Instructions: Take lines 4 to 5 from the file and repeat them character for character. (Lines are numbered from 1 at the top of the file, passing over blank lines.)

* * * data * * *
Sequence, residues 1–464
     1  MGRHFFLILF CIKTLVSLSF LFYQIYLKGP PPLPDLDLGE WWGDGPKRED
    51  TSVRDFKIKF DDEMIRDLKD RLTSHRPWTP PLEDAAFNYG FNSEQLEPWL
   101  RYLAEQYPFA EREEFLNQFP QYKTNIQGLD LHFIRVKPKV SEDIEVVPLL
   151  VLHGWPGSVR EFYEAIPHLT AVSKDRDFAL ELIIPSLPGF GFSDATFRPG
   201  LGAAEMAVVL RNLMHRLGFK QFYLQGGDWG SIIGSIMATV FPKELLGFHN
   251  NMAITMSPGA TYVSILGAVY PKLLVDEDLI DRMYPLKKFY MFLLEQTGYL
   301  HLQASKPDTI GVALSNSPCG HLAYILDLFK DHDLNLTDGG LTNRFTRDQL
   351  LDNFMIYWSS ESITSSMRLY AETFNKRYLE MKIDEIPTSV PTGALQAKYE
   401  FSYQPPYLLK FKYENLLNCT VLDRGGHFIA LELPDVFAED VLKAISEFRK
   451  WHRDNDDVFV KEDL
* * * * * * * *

   101  RYLAEQYPFA EREEFLNQFP QYKTNIQGLD LHFIRVKPKV SEDIEVVPLL
   151  VLHGWPGSVR EFYEAIPHLT AVSKDRDFAL ELIIPSLPGF GFSDATFRPG